So what is your objection to using biology as a basis for morals? Especially as you have no objective criteria to offer.
There is a difference between what is necessary for biological life and what is the supreme good. Biology dictates that we must eat to live but does eating make us good? What if one eats too much to the point of gluttony? In your position, you say, biology dictates that Animals reproduce through sex but does that make them good? Are two dogs mating in the front yard morally good for following their biology? No. Good is more than biology. If it were mere biology then God would be doing it himself.
Seneca argues that the supreme good comes from soul processes which humans are uniquely created to do. We apply reason, wisdom, or moral consciousness to biology, to nature in order to produce good in others and in ourself.
“This being so, you should consider whether one has a right to call anything good in which God is outdone by man. Let us limit the Supreme Good to the soul; it loses its meaning if it is taken from the best part of us and applied to the worst, that is, if it is transferred to the senses; for the senses are more active in dumb beasts.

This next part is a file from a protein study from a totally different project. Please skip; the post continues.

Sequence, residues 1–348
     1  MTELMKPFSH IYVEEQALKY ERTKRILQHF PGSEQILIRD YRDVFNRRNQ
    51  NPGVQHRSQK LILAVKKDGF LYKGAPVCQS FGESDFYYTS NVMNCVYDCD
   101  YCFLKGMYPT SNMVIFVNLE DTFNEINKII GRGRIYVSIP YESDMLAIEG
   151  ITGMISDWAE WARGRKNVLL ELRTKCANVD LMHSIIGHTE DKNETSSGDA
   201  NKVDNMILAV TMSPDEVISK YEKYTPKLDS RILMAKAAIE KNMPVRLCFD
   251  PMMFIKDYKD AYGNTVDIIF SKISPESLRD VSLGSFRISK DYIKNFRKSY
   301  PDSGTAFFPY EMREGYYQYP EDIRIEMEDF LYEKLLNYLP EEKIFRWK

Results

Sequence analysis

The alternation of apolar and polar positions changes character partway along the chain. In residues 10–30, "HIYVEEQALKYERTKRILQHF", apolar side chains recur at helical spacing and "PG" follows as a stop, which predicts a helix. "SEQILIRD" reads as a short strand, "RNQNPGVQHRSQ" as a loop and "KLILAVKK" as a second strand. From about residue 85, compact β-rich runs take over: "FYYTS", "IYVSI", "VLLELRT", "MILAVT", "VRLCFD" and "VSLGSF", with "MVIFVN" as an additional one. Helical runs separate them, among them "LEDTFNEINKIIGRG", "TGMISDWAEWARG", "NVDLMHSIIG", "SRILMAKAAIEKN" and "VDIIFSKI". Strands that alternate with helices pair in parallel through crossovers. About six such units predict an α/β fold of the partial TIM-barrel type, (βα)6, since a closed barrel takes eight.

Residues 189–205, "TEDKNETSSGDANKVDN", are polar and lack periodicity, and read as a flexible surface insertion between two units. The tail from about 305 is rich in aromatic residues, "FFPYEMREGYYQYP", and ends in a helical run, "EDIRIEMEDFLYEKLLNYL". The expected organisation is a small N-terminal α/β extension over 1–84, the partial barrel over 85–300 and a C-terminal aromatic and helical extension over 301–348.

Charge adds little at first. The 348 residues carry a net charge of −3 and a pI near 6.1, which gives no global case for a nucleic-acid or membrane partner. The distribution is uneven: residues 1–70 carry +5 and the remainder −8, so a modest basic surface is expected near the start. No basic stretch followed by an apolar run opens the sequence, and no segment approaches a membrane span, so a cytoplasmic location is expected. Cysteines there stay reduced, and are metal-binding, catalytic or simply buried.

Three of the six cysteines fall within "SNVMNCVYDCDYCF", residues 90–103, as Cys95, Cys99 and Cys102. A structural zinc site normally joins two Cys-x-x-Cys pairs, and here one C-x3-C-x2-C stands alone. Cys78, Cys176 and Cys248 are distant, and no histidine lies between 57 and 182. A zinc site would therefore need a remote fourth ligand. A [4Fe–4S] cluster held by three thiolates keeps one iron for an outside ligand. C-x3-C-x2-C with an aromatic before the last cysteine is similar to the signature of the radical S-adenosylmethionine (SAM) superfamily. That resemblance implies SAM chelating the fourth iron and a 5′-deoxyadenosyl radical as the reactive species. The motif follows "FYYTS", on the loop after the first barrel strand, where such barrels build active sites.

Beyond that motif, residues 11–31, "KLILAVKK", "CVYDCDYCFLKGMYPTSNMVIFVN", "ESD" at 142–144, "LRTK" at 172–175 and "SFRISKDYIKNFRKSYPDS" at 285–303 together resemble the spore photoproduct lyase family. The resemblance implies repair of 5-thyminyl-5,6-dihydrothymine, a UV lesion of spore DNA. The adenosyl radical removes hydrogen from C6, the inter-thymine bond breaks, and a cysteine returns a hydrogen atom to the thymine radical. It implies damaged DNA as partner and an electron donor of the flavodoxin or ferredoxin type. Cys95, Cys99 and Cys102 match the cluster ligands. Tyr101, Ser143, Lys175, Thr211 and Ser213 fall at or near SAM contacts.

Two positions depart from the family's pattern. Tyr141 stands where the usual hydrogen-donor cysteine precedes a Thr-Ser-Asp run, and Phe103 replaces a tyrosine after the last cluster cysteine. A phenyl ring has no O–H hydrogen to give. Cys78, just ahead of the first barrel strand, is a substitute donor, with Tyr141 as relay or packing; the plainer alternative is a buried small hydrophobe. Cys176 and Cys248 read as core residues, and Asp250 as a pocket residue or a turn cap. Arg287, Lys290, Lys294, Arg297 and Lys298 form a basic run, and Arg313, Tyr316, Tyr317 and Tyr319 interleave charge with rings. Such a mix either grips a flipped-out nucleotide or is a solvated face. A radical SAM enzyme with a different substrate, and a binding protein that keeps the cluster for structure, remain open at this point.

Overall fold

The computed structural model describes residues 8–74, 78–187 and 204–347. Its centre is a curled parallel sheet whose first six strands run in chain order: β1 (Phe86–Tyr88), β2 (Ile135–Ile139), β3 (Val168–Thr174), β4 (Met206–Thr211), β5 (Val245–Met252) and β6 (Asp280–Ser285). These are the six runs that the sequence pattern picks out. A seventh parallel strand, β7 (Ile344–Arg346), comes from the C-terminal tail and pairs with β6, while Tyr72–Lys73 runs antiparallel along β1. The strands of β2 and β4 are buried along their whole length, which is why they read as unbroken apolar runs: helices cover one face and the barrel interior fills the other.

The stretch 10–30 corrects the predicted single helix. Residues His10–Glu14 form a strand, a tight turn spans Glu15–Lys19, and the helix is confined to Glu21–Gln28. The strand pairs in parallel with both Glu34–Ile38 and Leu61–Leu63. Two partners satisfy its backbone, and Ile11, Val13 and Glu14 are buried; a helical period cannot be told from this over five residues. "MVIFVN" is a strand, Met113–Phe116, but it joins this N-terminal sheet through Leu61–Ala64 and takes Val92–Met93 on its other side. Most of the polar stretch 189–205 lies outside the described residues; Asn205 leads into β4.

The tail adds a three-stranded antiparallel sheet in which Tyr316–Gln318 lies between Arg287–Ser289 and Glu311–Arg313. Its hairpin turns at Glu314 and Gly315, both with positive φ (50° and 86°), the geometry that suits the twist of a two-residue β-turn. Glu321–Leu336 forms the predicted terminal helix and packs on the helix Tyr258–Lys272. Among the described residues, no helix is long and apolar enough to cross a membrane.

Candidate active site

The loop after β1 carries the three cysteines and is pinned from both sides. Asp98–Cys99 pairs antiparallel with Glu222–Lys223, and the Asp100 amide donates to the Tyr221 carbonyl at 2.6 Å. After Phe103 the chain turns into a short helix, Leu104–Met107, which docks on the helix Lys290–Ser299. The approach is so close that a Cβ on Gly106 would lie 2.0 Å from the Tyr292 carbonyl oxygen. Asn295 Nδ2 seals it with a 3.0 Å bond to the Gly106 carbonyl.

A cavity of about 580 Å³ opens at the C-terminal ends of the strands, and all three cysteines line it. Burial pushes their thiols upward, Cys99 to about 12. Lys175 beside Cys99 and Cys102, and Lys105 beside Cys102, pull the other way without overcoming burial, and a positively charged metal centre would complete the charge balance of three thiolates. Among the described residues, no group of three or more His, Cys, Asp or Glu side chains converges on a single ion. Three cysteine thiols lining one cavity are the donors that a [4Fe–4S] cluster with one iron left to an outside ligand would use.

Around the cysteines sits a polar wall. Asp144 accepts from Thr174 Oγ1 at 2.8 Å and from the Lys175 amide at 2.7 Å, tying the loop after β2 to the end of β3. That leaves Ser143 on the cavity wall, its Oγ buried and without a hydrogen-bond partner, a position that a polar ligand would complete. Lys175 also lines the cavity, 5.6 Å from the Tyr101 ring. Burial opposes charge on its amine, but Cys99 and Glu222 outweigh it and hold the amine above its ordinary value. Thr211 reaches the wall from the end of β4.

The sum total of our happiness must not be placed in the flesh; the true goods are those which reason bestows, substantial and eternal; they cannot fall away, neither can they grow less or be diminished. 17. Other things are goods according to opinion, and though they are called by the same name as the true goods, the essence of goodness is not in them. Let us therefore call them "advantages," and, to use our technical term, "preferred" things. Let us, however, recognize that they are our chattels, not parts of ourselves; and let us have them in our possession, but take heed to remember that they are outside ourselves [in our flesh]. (Seneca, moral letter #74)